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NFL and Dementia: A Postscript

Faster than a speeding pigskin, the National Football League has moved to change rules, consultants, and public perception about its stance on head injuries and subsequent cognitive problems. (For previous Bioethics Forum posts, click here and here.)

On November 24, after the NFL Players Association called for his removal as co-chair of the league’s research and policy group, Dr. Ira Casson resigned. His co-chair, Dr. David Viano, also resigned. A week later, the NFL announcedstringent new rules for managing concussions.

From now on, any player who shows significant signs of concussion – amnesia, poor balance, and abnormal neurological exam – will be taken out of a game or practice and will not be allowed to return on that day. This ruling has already affected several high-profile players, such as Ben Roethlisberger of the Pittsburgh Steelers and Kurt Warner of the Arizona Cardinals.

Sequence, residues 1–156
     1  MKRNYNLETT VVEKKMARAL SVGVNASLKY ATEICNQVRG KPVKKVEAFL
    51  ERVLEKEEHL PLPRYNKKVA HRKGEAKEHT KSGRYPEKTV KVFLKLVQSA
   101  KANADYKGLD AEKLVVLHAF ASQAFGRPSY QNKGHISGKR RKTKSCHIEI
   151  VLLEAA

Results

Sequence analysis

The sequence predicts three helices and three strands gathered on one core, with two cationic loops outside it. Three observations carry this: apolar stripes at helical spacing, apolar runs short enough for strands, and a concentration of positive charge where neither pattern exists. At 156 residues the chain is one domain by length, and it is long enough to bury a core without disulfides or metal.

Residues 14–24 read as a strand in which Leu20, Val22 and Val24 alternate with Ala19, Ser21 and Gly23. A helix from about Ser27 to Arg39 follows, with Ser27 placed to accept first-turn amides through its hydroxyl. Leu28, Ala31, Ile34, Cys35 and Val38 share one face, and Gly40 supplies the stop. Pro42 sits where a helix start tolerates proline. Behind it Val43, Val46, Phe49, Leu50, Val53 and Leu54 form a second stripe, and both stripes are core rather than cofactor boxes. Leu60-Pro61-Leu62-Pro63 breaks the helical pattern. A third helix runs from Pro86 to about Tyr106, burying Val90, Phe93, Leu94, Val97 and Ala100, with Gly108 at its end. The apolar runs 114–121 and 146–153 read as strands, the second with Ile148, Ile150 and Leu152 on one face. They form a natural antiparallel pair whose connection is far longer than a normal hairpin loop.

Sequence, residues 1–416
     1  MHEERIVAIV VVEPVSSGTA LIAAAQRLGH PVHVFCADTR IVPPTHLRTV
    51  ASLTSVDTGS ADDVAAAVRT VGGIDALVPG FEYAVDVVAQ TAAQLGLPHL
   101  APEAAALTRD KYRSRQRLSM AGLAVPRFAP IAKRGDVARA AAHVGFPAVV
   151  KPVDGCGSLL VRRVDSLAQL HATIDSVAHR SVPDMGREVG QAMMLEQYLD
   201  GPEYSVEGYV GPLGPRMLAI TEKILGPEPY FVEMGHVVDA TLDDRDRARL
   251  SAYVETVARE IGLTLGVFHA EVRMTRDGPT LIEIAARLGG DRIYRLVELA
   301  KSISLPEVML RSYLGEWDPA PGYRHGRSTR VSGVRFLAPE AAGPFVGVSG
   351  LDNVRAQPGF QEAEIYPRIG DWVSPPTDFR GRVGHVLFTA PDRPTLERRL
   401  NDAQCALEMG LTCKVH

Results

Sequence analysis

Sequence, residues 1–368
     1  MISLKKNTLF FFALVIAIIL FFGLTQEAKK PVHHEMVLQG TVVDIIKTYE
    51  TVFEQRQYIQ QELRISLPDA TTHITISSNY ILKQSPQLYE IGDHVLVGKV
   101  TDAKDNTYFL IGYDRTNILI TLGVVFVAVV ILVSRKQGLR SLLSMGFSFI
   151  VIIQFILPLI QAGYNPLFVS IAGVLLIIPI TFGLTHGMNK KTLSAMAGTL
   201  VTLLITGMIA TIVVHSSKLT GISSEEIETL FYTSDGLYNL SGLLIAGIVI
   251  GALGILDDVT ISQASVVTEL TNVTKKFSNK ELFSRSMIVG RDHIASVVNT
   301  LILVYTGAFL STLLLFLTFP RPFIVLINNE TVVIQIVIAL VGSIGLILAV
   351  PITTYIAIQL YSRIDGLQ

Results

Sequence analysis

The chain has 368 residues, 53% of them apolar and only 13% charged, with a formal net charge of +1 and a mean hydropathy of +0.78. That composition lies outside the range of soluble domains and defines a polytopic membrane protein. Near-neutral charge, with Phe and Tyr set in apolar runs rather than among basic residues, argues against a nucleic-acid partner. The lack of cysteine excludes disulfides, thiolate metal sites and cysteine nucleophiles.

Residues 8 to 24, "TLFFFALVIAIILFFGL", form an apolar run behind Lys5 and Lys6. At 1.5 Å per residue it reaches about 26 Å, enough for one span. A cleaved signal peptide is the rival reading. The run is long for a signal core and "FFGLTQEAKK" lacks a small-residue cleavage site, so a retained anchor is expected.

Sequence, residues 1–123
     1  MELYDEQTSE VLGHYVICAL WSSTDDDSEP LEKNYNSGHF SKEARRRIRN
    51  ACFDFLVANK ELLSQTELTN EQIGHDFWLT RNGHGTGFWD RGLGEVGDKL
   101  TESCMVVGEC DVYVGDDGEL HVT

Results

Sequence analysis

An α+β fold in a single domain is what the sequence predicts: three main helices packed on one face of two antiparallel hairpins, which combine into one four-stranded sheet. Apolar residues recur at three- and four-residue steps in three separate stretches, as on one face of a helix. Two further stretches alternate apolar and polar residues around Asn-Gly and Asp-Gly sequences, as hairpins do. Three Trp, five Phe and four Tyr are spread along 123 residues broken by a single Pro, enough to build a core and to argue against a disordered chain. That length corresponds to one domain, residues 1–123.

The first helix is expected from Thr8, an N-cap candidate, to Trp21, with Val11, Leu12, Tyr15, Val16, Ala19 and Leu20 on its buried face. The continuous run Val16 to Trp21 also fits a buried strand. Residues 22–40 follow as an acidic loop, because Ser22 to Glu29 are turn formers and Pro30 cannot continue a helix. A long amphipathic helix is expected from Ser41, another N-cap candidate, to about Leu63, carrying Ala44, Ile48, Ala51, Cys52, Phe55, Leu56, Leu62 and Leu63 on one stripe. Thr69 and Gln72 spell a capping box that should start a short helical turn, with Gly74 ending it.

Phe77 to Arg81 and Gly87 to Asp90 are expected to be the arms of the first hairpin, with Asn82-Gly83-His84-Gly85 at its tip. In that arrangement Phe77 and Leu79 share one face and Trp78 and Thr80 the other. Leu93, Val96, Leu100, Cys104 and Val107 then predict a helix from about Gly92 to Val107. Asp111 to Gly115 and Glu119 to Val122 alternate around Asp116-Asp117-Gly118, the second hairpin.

Attention is now shifting to another factor that contributes to concussions – the use of helmets as battering rams to hit opponents head-first. Another concern is that players – at all levels – may be reluctant to report injuries if they know that they will be benched.

Some fans applaud the new concern for players’ health. Others shrug off the controversy, pointing out that  pro football players are grown men, making lots of money, knowingly taking big risks for big gains.

The same, however, cannot be said of high school and college students who emulate their older but not necessarily wiser sports heroes. The rules may have changed, but will the culture follow?

Published on: December 7, 2009
Published in: Health and Health Care

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